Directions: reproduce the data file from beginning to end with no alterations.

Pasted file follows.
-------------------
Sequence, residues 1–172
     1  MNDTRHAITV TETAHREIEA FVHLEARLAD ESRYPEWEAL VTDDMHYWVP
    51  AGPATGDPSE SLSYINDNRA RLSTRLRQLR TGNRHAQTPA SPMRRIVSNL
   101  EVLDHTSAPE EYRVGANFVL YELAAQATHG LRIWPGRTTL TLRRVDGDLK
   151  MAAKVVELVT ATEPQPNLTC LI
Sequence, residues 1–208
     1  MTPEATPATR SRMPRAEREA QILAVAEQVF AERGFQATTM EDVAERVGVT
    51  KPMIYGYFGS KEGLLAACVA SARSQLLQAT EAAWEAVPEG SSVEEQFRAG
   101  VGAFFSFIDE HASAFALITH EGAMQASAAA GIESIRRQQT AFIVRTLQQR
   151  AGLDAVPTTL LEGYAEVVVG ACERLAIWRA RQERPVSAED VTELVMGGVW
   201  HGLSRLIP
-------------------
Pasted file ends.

Sequence, residues 1–172
     1  MNDTRHAITV TETAHREIEA FVHLEARLAD ESRYPEWEAL VTDDMHYWVP
    51  AGPATGDPSE SLSYINDNRA RLSTRLRQLR TGNRHAQTPA SPMRRIVSNL
   101  EVLDHTSAPE EYRVGANFVL YELAAQATHG LRIWPGRTTL TLRRVDGDLK
   151  MAAKVVELVT ATEPQPNLTC LI
Sequence, residues 1–208
     1  MTPEATPATR SRMPRAEREA QILAVAEQVF AERGFQATTM EDVAERVGVT
    51  KPMIYGYFGS KEGLLAACVA SARSQLLQAT EAAWEAVPEG SSVEEQFRAG
   101  VGAFFSFIDE HASAFALITH EGAMQASAAA GIESIRRQQT AFIVRTLQQR
   151  AGLDAVPTTL LEGYAEVVVG ACERLAIWRA RQERPVSAED VTELVMGGVW
   201  HGLSRLIP